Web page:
Few companies set up a drug-testing program because of a moral obligation to the employee. More often, even when not dictated by federal or state laws, drug testing is conducted for reasons of safety of the employee and his or her co-workers or—even more likely—because of the potential liability to the company. Let’s say an employee is a loan officer for a bank and travels on business using either a personal auto or a company car. The employee is under the influence of drugs and is involved in an accident that killed the other driver. Aside from the negative publicity for a public institution, the bank now is liable for considerable damages.
Under such circumstances, there’s a very real conundrum of what to do while the individual is undergoing rehabilitation. If placed on administrative leave without pay for the length of time it takes to become rehabilitated, the company would soon determine that the employee’s replacement can do the job just as well. Now the company has a commitment (or at least some obligation) to both the employee and his or her replacement.
At the same time, we have the culturally based principle that everyone should be allowed a second chance. If the company is large enough, and the employee does voluntarily enter a rehabilitation program, the question is answered. But what of the smaller company? Without getting into the area of "undue hardship," to paraphrase Calvin Coolidge: The business of business is business, and a company doesn’t really have the responsibility of being the employee’s parent.
However, based on the principle that the worst thing that could happen to an alcoholic is the loss of income, any employee who enters Alcoholics Anonymous should be retained as an employee. However, just one "relapse" and the individual’s employment should be terminated.
Although there are certain to be variations on and of this theme, as long as safety is in no way compromised, I am in favor of allowing the individual to attempt rehabilitation and, in keeping with the economic principle above, at his or her own expense.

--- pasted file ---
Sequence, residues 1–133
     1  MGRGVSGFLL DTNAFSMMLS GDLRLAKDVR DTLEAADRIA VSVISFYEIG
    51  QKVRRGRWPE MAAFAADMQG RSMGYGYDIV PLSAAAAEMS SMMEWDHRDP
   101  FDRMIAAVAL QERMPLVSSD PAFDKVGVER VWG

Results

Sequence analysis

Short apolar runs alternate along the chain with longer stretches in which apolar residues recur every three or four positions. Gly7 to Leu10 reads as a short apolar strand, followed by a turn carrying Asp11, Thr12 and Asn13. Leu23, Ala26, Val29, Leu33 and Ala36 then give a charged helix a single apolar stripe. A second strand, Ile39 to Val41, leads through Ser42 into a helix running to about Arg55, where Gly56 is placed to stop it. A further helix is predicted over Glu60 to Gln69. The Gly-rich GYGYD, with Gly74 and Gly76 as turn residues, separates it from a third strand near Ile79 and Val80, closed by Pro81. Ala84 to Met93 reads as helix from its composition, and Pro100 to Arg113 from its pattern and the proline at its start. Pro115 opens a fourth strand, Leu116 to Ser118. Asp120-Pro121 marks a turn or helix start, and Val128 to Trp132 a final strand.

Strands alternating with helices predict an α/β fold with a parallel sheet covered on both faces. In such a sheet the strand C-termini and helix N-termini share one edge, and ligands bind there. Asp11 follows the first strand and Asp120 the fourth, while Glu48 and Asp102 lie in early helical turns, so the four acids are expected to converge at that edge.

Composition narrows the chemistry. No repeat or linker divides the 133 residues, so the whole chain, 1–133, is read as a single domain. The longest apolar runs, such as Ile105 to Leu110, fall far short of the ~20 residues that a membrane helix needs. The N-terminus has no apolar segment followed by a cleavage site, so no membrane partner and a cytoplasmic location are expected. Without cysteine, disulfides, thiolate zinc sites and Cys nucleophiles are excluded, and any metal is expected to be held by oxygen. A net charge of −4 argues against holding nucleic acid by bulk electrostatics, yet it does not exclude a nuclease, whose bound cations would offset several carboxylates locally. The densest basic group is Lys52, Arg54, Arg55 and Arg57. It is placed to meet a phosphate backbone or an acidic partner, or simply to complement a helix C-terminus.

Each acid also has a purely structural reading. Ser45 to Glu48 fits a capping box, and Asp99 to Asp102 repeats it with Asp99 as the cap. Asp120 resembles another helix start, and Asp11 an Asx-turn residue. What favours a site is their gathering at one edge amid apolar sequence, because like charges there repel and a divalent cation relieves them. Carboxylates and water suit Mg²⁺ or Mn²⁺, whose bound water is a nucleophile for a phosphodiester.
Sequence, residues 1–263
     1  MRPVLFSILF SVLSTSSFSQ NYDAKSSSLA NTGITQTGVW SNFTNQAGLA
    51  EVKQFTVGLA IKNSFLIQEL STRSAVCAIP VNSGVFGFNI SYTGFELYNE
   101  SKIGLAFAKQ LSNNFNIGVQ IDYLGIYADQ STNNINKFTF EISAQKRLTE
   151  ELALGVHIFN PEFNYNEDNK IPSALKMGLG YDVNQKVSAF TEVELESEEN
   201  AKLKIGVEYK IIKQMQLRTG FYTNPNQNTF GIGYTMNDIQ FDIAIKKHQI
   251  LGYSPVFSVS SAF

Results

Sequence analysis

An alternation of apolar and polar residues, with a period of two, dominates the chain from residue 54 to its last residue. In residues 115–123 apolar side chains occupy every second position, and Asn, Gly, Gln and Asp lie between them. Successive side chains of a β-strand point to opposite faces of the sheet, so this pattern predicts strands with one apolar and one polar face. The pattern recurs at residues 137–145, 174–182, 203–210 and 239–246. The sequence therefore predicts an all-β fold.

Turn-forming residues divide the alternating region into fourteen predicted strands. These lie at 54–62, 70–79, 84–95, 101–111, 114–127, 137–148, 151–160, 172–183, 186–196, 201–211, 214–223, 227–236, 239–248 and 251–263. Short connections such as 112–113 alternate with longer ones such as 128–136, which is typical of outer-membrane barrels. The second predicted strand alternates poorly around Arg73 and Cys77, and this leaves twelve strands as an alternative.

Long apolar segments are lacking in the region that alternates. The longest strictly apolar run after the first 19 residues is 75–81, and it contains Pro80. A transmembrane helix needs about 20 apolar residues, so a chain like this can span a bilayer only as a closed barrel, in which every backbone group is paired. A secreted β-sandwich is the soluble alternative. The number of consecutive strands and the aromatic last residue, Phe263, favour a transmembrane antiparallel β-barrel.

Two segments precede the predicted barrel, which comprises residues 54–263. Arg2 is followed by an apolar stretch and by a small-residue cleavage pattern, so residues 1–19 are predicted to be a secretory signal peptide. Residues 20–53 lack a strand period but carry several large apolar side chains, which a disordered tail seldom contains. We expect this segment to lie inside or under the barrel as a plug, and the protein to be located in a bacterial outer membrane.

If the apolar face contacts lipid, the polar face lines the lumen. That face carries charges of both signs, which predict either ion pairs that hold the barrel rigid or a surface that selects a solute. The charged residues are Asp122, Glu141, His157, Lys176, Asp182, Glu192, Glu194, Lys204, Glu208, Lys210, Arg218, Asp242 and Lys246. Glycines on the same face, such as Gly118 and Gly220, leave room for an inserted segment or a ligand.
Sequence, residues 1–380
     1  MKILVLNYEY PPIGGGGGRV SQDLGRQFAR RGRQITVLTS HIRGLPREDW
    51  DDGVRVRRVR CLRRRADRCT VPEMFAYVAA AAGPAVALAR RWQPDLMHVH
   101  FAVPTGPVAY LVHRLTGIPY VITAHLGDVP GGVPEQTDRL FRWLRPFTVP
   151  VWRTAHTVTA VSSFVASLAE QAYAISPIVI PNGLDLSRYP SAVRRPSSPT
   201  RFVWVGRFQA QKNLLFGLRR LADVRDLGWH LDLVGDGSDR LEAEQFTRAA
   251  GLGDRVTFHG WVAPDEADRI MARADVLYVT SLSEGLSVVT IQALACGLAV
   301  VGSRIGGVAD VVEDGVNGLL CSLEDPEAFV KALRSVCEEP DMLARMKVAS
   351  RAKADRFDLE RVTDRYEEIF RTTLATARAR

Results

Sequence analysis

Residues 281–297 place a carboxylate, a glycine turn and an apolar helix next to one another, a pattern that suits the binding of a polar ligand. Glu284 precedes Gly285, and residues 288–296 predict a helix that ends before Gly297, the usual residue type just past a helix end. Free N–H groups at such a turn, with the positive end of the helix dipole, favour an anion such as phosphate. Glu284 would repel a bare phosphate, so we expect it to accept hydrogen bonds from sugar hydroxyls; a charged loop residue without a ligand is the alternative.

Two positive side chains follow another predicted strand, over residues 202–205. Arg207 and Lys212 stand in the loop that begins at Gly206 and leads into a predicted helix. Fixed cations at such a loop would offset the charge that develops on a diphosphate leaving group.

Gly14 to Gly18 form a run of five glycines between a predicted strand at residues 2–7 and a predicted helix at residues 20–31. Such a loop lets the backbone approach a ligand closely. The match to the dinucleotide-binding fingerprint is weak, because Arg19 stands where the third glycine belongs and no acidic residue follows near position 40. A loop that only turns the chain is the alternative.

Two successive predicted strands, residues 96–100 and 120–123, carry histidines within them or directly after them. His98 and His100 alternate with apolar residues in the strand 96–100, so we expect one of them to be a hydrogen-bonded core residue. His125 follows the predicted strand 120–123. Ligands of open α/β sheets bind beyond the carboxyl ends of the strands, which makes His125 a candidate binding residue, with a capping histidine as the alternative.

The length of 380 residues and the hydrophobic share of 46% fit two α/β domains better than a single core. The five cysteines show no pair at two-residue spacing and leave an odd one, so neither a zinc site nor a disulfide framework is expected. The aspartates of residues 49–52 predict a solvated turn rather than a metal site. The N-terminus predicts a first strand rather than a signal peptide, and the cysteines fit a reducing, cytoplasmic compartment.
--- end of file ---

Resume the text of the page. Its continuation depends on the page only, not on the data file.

Jorge Luna, HRdirector, The Houstonian Hotel in Houston, says:
We present the employee with the option of a mandatory professional assessment (which may result in rehab and/or counseling depending on the results of the assessment). If the employee refuses the professional assessment, employment is terminated.
Our intent is to force employees with substance-abuse problems (we also test for alcohol abuse) to face the music, and for us as managers not to be paternalistic. We take our relationship with our employees very seriously, and we see this situation as an opportunity to help employees who are in a very difficult situation.
Sue Whitten, HR manager, Triumph Corp. in Tempe, Arizona, says:
Some employers have zero tolerance and terminate immediately. Some employers don’t have a choice (pharmaceutical labs, for example). Others are lenient. Our policy is a three-strikes-and-you’re-out process. The first step is a warning notification and permission given to us to test the employee at any time we want—for a period of five years.
The second step is a mandatory substance-abuse rehabilitation program at the employee’s own expense. If an employee provides proof of enrollment and completion, he or she remains employed. If the employee doesn’t provide proof of enrollment and completion, then he or she is terminated for cause.
The third step is immediate termination for cause. Overall, we try to give our employees every opportunity to correct a problem. Ultimately, the problem is theirs. If they don’t fix it, then they’re out of luck.
Personnel Journal, December 1996, Vol. 75, No. 12, p. 94.